Because of this type of activity, states and localities are wise to keep an eye on Washington to gain as much insight or knowledge about forthcoming policies as possible.
In a similar manner, states have learned to have their proverbial hands outstretched to Washington whenever a natural disaster strikes, with the hopes of getting a FEMA declaration and the money that comes with it. This behavior began in 1993, when the yearly number of FEMA declarations began to climb to the record heights it has reached over the last few years. For every increase in yearly declarations, FEMA federalizes more natural disasters that in years past had been handled and paid for entirely by the states where the events occurred.
For example, a tornado recently struck outside of Toledo, Ohio. Although, tragically, there was loss of life, this incident inflicted little physical damage outside of a small geographic area. Governor Ted Strickland quickly asked FEMA for a disaster declaration so the cost could be shifted to the federal government. Much to its credit, FEMA declined the request as well as the subsequent appeal of that denial because the total damage did not even meet FEMA’s already low threshold.
Because FEMA has federalized so many routine natural disasters, Ohio, like other states, cut its budget for public assistance with the belief that it could always get a FEMA declaration. This dependency on FEMA should be weaned so that states can assert their traditional role for all but the most catastrophic natural disasters. With any federal response 48 to 72 hours away, the vitality of state and local response capabilities is key to minimizing the loss of life and property.
If the U.S. wants to meet the threats of tomorrow with the most robust, flexible, and experienced national homeland security enterprise possible, Americans need to make a few key reforms:
Gives states and localities a seat at the table. President Barack Obama should issue an executive order giving states and localities a seat at the federal policy table on homeland security issues. This group should work directly with the National Security Council staff and should be included in appropriate Interagency Policy Committees. Because state and local budgets are already tight, funding should come out of yearly federal appropriations.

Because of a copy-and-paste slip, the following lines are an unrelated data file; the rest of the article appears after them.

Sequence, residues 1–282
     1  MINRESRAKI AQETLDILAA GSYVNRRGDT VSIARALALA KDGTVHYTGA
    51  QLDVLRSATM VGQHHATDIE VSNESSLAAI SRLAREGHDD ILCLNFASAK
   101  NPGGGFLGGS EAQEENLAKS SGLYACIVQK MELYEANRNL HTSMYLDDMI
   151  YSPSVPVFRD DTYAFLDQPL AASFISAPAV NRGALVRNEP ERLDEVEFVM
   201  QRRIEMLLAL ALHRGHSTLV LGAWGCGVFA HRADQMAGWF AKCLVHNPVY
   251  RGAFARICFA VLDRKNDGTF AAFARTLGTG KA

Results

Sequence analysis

Modify the Stafford Act. As the litmus test for federal disaster dollars, the Stafford Act fails to accurately determine which disasters meet the federal requirements and which do not. Congress should establish clear requirements that limit the types of situations in which declarations can be issued—eliminating some types of disasters entirely from FEMA’s portfolio.
Reduce the cost share. Congress should reduce the cost-share provision for all FEMA declarations to no more than 25 percent of the costs. This will help to ensure that at least three-fourths of the costs of a disaster are borne by the taxpayers living where the disaster took place. For catastrophes with a nationwide impact, such as 9/11 and Hurricane Katrina, a relief provision could provide a higher federal cost-share where the total costs of the disaster exceed a certain threshold amount.
Simple but Vital Reforms
The simple but vital reforms listed in this paper will put more power back into the hands of those who are closest to the problem, and have the most resources to handle it effectively.
Matt A. Mayer is a Visiting Fellow at The Heritage Foundation and President of the Buckeye Institute for Public Policy Solutions in Columbus, Ohio. He has served as Counselor to the Deputy Secretary and Acting Executive Director for the Office of Grants and Training in the U.S. Department of Homeland Security and is author of Homeland Security and Federalism: Protecting America from Outside the Beltway.